Written by Fani Gargova, Byzantine Research Associate
January 6th is a truly holy day in Christianity. Whether Catholic or Orthodox, yesterday marked an important holiday. Nevertheless, it can be confusing to understand how within one religion, so many different meanings can coincide on the same day. So, let’s deconstruct…
The larger part of the Christian world celebrated Christmas, i.e. the Nativity of Christ, exactly 13 days ago, on December 25th. This includes Catholics, Protestants, and Greek or Bulgarian Orthodox Christians. On the other hand, Russian, Armenian, or Serbian Orthodox Christians celebrate the Nativity of Christ today, January 7th. Commonly, this time difference of exactly 13 days is explained by the use of the Gregorian calendar by the first group and the use of the Julian calendar by the latter group.
The Gregorian calendar is used globally and is the one that we feel most familiar with. It was introduced in the late 16th century under Pope Gregorius XIII (hence the name). By contrast, the Julian calendar was an older system, the one in use in the Roman empire (and by consequence, later in the Christian world) since its introduction by Julius Caesar in 46 BC. Those two calendars differ by only 0.002% (see Wikipedia), but their most important impact is on the determination of Easter, which changes from year to year. Also, since the introduction of the Gregorian calendar, there has been a discrepancy of 13 days between dates in the different systems.
The Nativity of Christ has always been set on December 25th. However, Russians, Armenians, and Serbians recalculated their celebration of the Nativity according to the newer Greorgian calendar and thus celebrate Christmas on January 7th. On the other hand, Greeks and Bulgarians preserved the date of December 25th and otherwise adapted to the new Gregorian calendar.
The Epiphany has an altogether different story. The Oxford Dictionary of Byzantium tells us that “In the East Jesus’ birth was originally commemorated at Epiphany” (p. 1439), but the Nativity of Christ was progressively adopted by all patriarchs the latest by the 6th century. “Epiphany originally commemorated not a single event, but a mystery, the appearance of salvation in Jesus revealed in a cluster of New Testament events, principally Jesus’ birth and his baptism” (Oxford Dictionary of Byzantium, p. 715). Epiphany is the feast of light and after the Nativity became a proper feast day, it commemorated, in a narrower sense, the baptism of Christ in the river Jordan. In the Julian calendar, the Epiphany is celebrated on January 6th. Thus, those Orthodox Christians who accepted the old January 6th (according to the Julian calendar) to be the new January 6th (according to the Gregorian calendar), celebrated Epiphany yesterday.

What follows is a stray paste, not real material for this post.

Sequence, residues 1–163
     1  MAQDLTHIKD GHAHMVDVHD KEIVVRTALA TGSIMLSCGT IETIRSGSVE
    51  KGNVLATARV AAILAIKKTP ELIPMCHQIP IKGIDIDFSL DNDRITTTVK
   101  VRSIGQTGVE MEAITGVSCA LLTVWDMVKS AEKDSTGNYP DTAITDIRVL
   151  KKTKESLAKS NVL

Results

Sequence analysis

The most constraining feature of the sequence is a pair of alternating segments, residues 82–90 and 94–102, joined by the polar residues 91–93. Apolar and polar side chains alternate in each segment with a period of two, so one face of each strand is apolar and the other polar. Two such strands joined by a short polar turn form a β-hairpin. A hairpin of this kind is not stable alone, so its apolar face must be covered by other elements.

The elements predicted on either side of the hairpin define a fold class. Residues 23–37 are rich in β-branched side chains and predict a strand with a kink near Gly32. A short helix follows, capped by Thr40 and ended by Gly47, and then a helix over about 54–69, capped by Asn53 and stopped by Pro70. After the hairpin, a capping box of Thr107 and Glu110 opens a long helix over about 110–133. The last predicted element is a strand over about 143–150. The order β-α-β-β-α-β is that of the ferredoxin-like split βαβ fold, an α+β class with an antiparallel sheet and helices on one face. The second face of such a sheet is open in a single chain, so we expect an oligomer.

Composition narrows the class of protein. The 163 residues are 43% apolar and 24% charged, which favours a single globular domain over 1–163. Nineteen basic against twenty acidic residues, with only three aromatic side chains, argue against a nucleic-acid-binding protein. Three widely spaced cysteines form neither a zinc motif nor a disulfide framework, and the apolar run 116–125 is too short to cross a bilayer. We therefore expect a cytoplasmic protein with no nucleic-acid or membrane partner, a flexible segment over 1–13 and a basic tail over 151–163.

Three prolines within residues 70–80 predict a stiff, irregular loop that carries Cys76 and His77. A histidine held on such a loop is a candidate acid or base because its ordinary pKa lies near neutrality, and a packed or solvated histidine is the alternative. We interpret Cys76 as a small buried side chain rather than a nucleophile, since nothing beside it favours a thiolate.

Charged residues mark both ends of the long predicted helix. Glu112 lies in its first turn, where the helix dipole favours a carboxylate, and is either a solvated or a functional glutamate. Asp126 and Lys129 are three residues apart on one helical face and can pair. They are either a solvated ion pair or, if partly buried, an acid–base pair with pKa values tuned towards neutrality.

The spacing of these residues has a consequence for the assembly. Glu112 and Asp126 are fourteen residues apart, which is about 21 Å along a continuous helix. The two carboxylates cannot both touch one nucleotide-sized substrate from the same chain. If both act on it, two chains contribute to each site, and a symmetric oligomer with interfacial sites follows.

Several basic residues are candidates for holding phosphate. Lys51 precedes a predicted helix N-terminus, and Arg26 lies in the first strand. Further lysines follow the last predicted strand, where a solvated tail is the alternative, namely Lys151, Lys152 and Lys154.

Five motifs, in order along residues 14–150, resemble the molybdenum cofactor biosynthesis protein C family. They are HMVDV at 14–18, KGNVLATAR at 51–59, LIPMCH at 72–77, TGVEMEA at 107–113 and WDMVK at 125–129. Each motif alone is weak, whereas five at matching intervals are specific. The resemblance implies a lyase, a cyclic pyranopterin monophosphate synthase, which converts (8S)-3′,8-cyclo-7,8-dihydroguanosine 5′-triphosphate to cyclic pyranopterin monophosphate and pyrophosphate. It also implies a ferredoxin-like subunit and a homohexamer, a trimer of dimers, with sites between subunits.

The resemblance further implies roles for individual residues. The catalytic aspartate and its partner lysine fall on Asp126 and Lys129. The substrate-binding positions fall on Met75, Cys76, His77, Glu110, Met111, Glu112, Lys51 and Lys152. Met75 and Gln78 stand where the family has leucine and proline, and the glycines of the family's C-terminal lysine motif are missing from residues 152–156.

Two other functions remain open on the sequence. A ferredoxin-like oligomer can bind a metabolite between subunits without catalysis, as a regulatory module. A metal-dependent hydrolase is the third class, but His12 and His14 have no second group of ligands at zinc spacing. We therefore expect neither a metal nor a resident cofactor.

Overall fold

For the Catholic community, the Three Kings is the January 6th celebration for the group of three foreigners who traveled to see the newborn Jesus and bring him gifts of gold, frankincense, and myrrh. According to this tradition, unlike other Catholic countries, in Spain people receive their Christmas gifts on this day, rather than on December 25th. Interestingly, the Orthodox calendar does not have a special feast day for the visit of the Magi, as the Three Kings are also called. Instead, their visit to the infant Jesus is celebrated together with the Nativity or with the Epiphany.
Without the historical background, the concurrence of all of these holidays the same days can be confusing. The above explanations are surely oversimplified, but hopefully, give an idea of how and why these feast days get celebrated on such different dates throughout the Christian world.